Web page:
Nestled among sandstone buildings and a quiet, leafy campus, the University of Queensland’s (UQ) Art Museum finds its general public foot traffic non-existent. Those who manage to discover it cross a small bridge to enter the large grand entrance. Inside, a bright and airy two-storey gallery awaits. The UQ Art Museum heralds itself as a ‘site for progressive and contemporary creative enquiry’.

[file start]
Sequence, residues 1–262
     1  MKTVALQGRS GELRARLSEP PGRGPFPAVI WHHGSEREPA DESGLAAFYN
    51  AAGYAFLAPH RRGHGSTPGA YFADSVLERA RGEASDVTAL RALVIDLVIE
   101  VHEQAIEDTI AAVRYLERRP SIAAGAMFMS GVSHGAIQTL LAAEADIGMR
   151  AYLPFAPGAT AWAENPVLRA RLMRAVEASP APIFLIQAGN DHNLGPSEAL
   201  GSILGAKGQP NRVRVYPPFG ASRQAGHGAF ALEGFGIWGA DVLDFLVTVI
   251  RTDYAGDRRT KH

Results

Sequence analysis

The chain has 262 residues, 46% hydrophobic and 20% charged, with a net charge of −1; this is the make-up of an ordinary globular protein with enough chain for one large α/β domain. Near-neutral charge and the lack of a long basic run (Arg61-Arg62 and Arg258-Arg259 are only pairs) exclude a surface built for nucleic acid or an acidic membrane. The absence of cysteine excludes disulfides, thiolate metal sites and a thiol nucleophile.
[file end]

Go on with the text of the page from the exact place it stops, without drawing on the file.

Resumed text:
The building is an enigma that raises many questions. Why does a university with no visual arts program have a large art museum? How has it attracted various contemporary artists from across the world to show their work? What does being a ‘site for contemporary creative enquiry’ mean practically? And exactly how progressive can one be in a sandstone university?